2
$\begingroup$

Let $G$ be a group, and $H\leq G$ be a subgroup. When is $C_G (H)=Z(G)$?

Similar to this question, which is about the centralizer of an element rather than of a subgroup: When is the centralizer and the center are equal

$\endgroup$
2
  • $\begingroup$ How did you conclude that question is about the centralizer of an element? The OP never specified. $\endgroup$ Jan 7 '16 at 0:37
  • $\begingroup$ The answer was answered this way in the comments and the OP accepted it and said that it answered their question. $\endgroup$ Jan 7 '16 at 4:38
1
$\begingroup$

I do not think there is a general condition. What you can say is this.

(a) $Z(G)=C_G(H)$ if and only if $Z(H)=H \cap Z(G)$.

(b) Note that $Z(G)=\bigcap_{g \in G}C_G(g)$. And $g \notin Z(G)$ if and only if $Z(G) \subsetneq C_G(g) \subsetneq G$. Otherwise put, if $C_G(g)=Z(G)$, then, since $g \in C_G(g)$, we get $g \in Z(G)$, whence $C_G(g)=G$, so $G=Z(G)$, which means $G$ is abelian. And if $G$ is abelian, then of course $C_G(g)=G=Z(G)$.

$\endgroup$
3
  • $\begingroup$ Can you give me an example of a non-abelian group $G$ and subgroup $H$ satisfying condition (a)? $\endgroup$ Jan 7 '16 at 23:37
  • $\begingroup$ Yes sure. Take $G=S_3 \times C_2$, and $H=S_3 \times \{1\}$. $Z(G)=\{(1)\} \times C_2$, and $Z(H)=\{(1)\} \times \{1\}$. $\endgroup$ Jan 8 '16 at 7:25
  • $\begingroup$ @Joshua Meyers, if you deem my answers as the right ones, please tick it as such, complying with the habits on this site and having not too much question left unanswered. Thanks! $\endgroup$ Jan 11 '16 at 9:14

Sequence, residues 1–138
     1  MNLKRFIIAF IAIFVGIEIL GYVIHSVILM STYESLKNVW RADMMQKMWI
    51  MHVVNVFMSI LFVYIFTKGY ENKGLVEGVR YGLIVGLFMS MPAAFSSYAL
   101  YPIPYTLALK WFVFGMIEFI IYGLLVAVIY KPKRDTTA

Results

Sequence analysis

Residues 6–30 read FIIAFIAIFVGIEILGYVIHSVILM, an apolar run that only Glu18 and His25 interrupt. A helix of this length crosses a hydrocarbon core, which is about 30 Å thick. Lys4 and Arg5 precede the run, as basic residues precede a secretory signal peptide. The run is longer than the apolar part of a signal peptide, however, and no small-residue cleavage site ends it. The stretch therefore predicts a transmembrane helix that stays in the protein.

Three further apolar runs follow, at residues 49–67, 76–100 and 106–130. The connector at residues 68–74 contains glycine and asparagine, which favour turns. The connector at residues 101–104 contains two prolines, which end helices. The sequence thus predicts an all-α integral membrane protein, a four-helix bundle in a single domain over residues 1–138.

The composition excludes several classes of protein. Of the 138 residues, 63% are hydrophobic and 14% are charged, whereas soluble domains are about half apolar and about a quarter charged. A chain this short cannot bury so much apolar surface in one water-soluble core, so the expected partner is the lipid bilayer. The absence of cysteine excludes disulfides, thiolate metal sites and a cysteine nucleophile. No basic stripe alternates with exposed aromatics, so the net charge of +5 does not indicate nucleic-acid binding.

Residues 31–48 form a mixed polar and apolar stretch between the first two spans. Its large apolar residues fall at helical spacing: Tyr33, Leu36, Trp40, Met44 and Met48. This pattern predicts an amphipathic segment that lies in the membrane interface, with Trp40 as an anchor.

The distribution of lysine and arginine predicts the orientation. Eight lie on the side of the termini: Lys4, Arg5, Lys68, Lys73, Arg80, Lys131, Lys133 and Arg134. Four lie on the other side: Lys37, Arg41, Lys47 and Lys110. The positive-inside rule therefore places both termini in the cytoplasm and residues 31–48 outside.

0
$\begingroup$

Here is another criterion, if you know Character Theory of Finite Groups. If not, consult the book, bearing the same title of Marty Isaacs, see for example here.

Proposition Let $H$ be a subgroup of the finite group $G$ $\chi \in Irr(G)$ and irreducible complex character and assume that the restriction $\chi_H \in Irr(H)$. Then $C_G(H) \subseteq Z(\chi)$.

Corollary If $H \leq G$, $\chi \in Irr(G)$ a faithful irreducible character, such that $\chi_H \in Irr(H)$ then $Z(G)=C_G(H)$.

So let us prove this. Let $\mathfrak{X}$ be an $\mathbb{C}$-representation that affords $\chi$. Let $x \in C_G(H)$. Since the restriction to $H$ is irreducible and $\mathfrak{X}(x)$ commutes with every $\mathfrak{X}(h), h \in H$, and it follows from Lemma (2.25) of the book (which is basically Schur's Lemma) that $\mathfrak{X}(x)=\varepsilon I$ for some root of unity $\varepsilon \in \mathbb{C}$. By taking traces it follows that $|\chi(x)|=\chi(1)$, that is $x \in Z(\chi)$.

Now assume that $\chi$ is faithful (meaning $ker(\chi)=1$). Since in general, $Z(G/ker(\chi))=Z(\chi)/ker(\chi)$, we obtain $Z(\chi)=Z(G)$. The proposition then yields $C_G(H) \subseteq Z(G)$. But of course the other containment, $Z(G) \subseteq C_G(H)$ is always true. Hence $Z(G)=C_G(H)$ as wanted. (Note that $Z(G)$ must be cyclic in this case since $Z(\chi)/ker(\chi)$ is always cyclic).

$\endgroup$

Your Answer

By clicking “Post Your Answer”, you agree to our terms of service, privacy policy and cookie policy

Not the answer you're looking for? Browse other questions tagged or ask your own question.